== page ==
Sexual dimorphism is a phenomenon that outlines the differences in structure and physical characteristics between male and female members of the same species. It can be seen by differences in size, coloration or body structure between the sexes. This occurrence had been observed during the experiment to determine if sexual dimorphism could be noticed in multiple samples of Artic Fox (Vulpes lagopus) jaws, especially if one sex of the Artic Fox has a stronger jaw. The distance of the in-lever and out-lever of female and male fox skulls were measured, as well as photographs of fox skulls were used to measure bite force. The class data used for the experiment showed evidence that male Artic Fox have larger mechanic advantage of the jaw as well as a bigger size of the origin area of the temporalis muscle, which gives them a stronger jaw. The class data collected were then analyzed using a t-test. The results for both averages showed a p value less than 0.05, which reveal evidence that the difference in bite force between each sex is significant. The data suggested that the differences in the feeding structures of the Artic fox have resulted from sexual selection, food specialisation and dimorphic niche. These three hypotheses help to understand the results obtained and indicate that bite force in Arctic fox is sexually dimorphic.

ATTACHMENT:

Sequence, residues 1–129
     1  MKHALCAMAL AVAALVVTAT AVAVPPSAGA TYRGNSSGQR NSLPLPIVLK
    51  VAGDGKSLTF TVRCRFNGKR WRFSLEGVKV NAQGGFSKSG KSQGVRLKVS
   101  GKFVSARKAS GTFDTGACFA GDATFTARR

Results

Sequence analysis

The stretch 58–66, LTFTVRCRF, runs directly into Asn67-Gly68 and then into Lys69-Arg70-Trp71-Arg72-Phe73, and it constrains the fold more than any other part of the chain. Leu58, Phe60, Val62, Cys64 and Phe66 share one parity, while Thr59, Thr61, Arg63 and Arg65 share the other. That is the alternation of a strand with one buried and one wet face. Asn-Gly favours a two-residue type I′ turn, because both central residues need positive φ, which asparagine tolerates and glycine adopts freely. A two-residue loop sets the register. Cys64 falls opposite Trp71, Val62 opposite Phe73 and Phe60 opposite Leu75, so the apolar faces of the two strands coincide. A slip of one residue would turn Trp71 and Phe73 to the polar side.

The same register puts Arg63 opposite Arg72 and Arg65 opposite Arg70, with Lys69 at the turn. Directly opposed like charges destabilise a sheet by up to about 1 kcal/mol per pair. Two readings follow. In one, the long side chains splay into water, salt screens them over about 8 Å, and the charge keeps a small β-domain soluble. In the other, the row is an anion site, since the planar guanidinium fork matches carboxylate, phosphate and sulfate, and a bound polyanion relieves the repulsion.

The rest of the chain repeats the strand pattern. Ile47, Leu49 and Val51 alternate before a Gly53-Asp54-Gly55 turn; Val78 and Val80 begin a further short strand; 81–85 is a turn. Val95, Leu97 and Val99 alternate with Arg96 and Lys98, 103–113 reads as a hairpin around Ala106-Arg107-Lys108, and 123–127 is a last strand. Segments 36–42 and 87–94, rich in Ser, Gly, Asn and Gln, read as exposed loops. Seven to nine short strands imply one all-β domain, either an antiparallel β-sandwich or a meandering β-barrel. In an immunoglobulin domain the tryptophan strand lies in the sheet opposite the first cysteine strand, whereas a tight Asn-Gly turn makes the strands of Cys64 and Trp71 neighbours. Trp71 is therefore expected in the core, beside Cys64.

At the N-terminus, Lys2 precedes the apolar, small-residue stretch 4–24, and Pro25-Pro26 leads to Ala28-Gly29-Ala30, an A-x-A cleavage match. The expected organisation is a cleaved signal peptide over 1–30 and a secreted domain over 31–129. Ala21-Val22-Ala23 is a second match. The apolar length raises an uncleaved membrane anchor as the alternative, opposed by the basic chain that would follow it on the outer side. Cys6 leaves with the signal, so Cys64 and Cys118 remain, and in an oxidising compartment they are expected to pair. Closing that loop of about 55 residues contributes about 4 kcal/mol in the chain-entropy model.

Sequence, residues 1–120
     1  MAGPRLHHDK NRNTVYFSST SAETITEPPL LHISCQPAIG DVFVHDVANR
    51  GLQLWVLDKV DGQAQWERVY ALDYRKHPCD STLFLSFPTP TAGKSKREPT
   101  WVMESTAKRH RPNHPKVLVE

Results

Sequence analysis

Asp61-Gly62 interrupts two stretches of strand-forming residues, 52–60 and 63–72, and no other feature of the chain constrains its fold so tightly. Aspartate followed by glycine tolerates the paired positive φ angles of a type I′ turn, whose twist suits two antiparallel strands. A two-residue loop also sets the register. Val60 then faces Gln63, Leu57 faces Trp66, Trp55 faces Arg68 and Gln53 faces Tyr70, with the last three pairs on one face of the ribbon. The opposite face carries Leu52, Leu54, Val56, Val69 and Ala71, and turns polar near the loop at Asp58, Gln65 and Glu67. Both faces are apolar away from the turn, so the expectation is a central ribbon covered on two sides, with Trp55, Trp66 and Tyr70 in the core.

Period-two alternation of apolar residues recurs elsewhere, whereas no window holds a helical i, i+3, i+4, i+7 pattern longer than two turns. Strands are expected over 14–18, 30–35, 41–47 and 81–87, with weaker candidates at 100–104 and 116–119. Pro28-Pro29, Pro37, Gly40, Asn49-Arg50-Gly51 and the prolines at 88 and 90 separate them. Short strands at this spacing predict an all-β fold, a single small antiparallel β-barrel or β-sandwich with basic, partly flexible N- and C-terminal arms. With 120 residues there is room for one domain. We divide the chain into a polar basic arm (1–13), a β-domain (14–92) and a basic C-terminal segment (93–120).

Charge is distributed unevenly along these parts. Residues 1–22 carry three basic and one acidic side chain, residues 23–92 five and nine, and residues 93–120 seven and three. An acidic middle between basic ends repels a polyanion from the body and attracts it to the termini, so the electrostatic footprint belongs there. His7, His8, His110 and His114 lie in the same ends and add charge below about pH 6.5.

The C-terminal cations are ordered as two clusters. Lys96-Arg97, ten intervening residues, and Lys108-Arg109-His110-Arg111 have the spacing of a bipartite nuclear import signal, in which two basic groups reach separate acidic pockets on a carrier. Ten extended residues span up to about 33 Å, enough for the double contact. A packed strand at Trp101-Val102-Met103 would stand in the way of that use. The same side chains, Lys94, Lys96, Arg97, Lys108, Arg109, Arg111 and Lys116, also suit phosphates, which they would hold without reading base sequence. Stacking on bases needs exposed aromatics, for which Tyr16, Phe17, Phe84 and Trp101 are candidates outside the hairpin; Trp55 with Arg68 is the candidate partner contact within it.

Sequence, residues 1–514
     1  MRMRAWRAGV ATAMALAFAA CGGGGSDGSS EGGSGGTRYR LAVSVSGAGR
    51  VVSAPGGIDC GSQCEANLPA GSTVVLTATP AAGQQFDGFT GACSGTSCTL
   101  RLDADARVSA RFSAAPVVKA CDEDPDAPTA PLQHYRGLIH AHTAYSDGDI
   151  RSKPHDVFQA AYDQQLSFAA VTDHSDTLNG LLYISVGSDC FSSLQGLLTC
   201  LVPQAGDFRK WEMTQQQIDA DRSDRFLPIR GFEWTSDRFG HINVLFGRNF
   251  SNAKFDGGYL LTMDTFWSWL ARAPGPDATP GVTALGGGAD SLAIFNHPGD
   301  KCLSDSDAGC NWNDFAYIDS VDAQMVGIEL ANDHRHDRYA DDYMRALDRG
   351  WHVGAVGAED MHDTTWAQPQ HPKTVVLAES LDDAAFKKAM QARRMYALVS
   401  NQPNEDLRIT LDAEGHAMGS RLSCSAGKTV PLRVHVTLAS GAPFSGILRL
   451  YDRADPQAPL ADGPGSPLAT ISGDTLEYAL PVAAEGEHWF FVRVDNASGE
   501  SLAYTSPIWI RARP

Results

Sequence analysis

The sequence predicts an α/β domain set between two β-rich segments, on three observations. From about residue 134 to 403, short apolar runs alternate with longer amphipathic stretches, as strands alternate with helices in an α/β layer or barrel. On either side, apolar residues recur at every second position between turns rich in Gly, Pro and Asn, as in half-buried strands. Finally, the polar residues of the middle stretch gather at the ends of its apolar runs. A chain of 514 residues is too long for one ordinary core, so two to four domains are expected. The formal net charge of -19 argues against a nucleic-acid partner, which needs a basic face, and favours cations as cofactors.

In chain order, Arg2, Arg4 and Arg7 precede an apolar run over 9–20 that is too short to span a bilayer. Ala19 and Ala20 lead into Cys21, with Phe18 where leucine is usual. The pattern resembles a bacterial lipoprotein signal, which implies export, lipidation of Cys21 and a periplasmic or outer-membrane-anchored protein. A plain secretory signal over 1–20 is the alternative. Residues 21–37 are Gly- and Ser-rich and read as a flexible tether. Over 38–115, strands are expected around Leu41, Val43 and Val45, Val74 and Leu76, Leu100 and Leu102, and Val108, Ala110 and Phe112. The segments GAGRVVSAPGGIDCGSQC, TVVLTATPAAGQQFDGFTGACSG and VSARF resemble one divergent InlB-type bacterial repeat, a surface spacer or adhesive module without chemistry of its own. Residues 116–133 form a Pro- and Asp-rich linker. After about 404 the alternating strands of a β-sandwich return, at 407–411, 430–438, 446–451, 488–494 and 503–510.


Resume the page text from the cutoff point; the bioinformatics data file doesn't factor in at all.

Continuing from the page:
Sexual dimorphism refers to the difference in morphology between both males and females of the same species and could be express by different size, colour, odour, etc. It is, according to Charles Darwin, common throughout the animal kingdom and has been a major focus of evolutionary studies. (Reece et al., 2013) This phenomenon is a consequence of both natural selection and sexual selection and is due to a difference between the secondary sex characteristic of males and females. In other words, these distinctions appear during puberty as a result of hormone stimulation. (Campbell, 2010) A common example...